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In JavaScript we have a few ways of getting the properties of an object, depending on what we want to get.

1) Object.keys(), which returns all own, enumerable properties of an object, an ECMA5 method.

2) a for...in loop, which returns all the enumerable properties of an object, regardless of whether they are own properties, or inherited from the prototype chain.

3) Object.getOwnPropertyNames(obj) which returns all own properties of an object, enumerable or not.

We also have such methods as hasOwnProperty(prop) lets us check if a property is inherited or actually belongs to that object, and propertyIsEnumerable(prop) which, as the name suggests, lets us check if a property is enumerable.

With all these options, there is no way to get a non-enumerable, non-own property of an object, which is what I want to do. Is there any way to do this? In other words, can I somehow get a list of the inherited non-enumerable properties?

Thank you.

share|improve this question
1  
Your question answered the question I was going to ask: How to inspect non-enumerable properties (just to explore what is available in predefined objects). Finally I found getOwnPropertyNames! :-) – marcus Dec 16 '11 at 19:30
    
@marcus :-) That's what SO is all about! – dkugappi Dec 21 '11 at 16:14
up vote 58 down vote accepted

Since getOwnPropertyNames can get you non-enumerable properties, you can use that and combine it with walking up the prototype chain.

function getAllProperties(obj){
    var allProps = []
      , curr = obj
    do{
        var props = Object.getOwnPropertyNames(curr)
        props.forEach(function(prop){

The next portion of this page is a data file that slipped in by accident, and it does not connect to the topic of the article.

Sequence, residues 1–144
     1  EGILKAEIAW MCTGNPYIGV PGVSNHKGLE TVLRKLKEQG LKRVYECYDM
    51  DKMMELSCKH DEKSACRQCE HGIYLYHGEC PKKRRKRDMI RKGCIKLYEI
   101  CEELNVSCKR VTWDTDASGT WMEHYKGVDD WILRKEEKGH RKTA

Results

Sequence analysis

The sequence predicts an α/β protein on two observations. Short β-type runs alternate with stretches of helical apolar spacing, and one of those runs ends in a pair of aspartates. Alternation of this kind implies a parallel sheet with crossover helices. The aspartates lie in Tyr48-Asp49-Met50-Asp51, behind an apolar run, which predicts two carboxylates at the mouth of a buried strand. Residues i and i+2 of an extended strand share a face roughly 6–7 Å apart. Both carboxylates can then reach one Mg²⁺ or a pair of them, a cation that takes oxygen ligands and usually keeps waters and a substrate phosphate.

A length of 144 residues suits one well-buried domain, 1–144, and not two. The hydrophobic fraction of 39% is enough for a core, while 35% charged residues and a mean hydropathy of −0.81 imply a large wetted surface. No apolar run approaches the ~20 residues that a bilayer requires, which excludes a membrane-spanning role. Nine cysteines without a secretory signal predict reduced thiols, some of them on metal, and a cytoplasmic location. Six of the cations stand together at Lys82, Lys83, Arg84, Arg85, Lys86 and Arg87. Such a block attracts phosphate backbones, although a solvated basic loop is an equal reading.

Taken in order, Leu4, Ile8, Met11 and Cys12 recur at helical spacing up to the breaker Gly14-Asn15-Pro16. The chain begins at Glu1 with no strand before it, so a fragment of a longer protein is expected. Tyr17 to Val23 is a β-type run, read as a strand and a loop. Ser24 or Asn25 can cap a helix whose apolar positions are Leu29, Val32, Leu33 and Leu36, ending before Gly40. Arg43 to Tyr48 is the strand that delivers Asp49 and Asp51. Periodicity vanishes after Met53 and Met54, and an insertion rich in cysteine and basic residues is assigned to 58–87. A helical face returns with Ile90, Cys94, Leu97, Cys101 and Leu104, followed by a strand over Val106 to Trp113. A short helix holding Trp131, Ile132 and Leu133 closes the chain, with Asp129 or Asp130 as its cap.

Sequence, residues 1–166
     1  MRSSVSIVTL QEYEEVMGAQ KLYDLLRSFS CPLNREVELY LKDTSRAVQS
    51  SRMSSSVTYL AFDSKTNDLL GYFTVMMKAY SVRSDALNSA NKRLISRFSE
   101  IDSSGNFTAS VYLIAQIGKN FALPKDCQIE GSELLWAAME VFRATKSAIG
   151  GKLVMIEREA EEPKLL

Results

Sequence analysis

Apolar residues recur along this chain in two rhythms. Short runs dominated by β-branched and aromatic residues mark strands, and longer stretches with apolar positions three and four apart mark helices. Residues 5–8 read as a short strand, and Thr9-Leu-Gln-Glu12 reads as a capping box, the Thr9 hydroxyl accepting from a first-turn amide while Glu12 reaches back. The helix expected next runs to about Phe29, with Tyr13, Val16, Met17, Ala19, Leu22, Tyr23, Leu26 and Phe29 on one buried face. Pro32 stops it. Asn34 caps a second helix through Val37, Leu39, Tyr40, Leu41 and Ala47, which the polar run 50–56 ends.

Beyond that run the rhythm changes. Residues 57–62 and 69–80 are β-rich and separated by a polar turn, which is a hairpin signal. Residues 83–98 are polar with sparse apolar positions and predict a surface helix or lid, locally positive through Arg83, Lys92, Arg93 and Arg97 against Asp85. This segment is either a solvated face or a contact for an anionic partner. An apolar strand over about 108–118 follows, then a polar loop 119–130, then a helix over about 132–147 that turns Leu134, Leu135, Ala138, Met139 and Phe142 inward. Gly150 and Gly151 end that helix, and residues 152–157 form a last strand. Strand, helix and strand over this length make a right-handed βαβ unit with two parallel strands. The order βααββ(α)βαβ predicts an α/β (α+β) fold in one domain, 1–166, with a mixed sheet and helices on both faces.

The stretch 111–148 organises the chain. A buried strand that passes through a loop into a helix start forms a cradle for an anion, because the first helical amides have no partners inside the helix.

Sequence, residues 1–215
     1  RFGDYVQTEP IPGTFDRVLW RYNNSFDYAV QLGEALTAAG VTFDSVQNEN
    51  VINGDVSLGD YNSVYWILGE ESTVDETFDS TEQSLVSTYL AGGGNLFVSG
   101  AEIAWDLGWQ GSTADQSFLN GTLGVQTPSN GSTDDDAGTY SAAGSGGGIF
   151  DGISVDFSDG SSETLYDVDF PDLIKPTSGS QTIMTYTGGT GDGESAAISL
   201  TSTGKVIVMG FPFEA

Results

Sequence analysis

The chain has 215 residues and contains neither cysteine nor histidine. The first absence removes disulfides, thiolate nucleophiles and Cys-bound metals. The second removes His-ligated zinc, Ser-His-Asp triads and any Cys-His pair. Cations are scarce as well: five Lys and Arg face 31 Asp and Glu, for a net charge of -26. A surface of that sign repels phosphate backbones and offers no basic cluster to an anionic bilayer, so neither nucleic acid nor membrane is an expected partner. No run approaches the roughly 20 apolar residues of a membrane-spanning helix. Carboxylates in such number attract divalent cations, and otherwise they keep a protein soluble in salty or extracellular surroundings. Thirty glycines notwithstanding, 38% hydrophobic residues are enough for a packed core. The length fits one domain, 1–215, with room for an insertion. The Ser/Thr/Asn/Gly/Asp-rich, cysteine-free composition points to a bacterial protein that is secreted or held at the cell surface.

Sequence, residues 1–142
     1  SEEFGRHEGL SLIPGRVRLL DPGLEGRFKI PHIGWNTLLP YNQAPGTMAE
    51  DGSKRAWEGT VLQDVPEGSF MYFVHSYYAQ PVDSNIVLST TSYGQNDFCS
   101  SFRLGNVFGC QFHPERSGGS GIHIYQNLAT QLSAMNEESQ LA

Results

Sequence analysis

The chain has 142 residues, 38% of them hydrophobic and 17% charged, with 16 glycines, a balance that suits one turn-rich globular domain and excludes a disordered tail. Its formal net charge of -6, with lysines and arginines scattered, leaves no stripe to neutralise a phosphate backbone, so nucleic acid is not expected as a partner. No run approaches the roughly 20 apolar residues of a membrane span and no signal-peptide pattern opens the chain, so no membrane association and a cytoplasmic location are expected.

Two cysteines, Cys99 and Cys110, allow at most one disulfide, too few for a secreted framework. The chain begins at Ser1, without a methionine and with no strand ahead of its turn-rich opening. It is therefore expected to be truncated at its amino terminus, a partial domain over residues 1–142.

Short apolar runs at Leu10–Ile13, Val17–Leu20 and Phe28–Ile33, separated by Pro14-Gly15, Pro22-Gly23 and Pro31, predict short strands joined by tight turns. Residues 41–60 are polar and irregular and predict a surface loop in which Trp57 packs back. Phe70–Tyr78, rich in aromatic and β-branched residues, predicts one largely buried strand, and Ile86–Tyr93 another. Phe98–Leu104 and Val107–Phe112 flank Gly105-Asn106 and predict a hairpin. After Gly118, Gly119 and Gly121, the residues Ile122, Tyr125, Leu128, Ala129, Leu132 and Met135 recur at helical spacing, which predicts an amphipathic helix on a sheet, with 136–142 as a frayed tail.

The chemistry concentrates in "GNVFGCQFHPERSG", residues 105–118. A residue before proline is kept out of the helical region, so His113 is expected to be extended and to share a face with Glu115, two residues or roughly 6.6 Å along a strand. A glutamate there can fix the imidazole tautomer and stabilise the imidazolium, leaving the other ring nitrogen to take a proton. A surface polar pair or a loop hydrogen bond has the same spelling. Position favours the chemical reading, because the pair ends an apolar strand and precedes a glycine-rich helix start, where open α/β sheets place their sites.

if (allProps.indexOf(prop) === -1)
                allProps.push(prop)
        })
    }while(curr = Object.getPrototypeOf(curr))
    return allProps
}

I tested that on Safari 5.1 and got

> getAllProperties([1,2,3])
["0", "1", "2", "length", "constructor", "push", "slice", "indexOf", "sort", "splice", "concat", "pop", "unshift", "shift", "join", "toString", "forEach", "reduceRight", "toLocaleString", "some", "map", "lastIndexOf", "reduce", "filter", "reverse", "every", "hasOwnProperty", "isPrototypeOf", "valueOf", "__defineGetter__", "__defineSetter__", "__lookupGetter__", "propertyIsEnumerable", "__lookupSetter__"]

Update: Refactored the code a bit (added spaces, and curly braces, and improved the function name):

function getAllPropertyNames( obj ) {
    var props = [];

    do {
        Object.getOwnPropertyNames( obj ).forEach(function ( prop ) {
            if ( props.indexOf( prop ) === -1 ) {
                props.push( prop );
            }
        });
    } while ( obj = Object.getPrototypeOf( obj ) );

    return props;
}

And to simply get everything..(enum/nonenum, self/inherited.. Please confirm..

function getAllPropertyNames( obj ) {
    var props = [];

    do {
        props= props.concat(Object.getOwnPropertyNames( obj ));
    } while ( obj = Object.getPrototypeOf( obj ) );

    return props;
}
share|improve this answer
    
Thanks toby, one thing I don't understand is the line: while(curr = Object.getPrototypeOf(cure)), as the conditional statement uses an assignment operator instead of a comparison operator, wouldn't this always return true? Or is this line essentially checking whether "curr" has a prototype? – dkugappi Nov 6 '11 at 1:05
    
@AlexNabokov it will return false if the result is falsy, which will occur when Object.getPrototypeOf(cure) returns null at the top of the prototype chain. I guess this assumes no circular prototype chains! – Domenic Nov 6 '11 at 3:07
2  
@Alex Function.prototype can never be the "root" prototype, since it's prototype link points to Object.prototype. The function Object.getPrototypeOf( obj ) returns the topmost object in the prototype chain of obj. It enables you to follow the prototype chain of obj until you reach its end (the null value). I'm not sure what your issue with this is... – Šime Vidas Nov 7 '11 at 14:01